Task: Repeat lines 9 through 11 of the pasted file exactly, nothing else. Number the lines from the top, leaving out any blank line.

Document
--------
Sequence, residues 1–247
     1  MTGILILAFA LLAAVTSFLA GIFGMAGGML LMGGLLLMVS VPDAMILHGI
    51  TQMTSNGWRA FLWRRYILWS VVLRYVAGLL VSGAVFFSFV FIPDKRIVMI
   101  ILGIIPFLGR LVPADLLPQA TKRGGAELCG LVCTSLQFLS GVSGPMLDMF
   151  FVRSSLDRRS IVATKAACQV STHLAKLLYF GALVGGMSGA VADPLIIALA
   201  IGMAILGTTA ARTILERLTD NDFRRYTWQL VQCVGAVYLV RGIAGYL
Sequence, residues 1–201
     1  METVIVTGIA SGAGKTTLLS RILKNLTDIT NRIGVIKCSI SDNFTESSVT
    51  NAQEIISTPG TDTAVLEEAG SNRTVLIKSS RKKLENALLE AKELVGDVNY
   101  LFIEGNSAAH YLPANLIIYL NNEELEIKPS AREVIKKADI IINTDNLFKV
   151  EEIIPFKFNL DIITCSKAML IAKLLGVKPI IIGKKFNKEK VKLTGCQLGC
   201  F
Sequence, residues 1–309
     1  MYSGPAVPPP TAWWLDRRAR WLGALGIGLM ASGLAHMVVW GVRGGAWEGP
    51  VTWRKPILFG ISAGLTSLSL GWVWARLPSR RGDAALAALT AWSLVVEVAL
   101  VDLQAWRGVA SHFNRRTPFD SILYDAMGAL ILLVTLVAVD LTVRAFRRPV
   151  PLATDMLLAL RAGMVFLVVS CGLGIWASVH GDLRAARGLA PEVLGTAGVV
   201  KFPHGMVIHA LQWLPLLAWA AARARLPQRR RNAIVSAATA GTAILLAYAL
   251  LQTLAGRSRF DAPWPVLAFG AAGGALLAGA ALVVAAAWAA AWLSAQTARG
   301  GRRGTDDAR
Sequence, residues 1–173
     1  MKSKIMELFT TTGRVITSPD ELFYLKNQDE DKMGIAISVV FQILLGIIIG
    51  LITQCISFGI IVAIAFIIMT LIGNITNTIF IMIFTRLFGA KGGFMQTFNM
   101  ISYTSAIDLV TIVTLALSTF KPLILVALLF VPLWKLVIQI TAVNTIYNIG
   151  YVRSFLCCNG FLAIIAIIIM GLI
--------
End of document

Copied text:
    51  NAQEIISTPG TDTAVLEEAG SNRTVLIKSS RKKLENALLE AKELVGDVNY
   101  LFIEGNSAAH YLPANLIIYL NNEELEIKPS AREVIKKADI IINTDNLFKV
   151  EEIIPFKFNL DIITCSKAML IAKLLGVKPI IIGKKFNKEK VKLTGCQLGC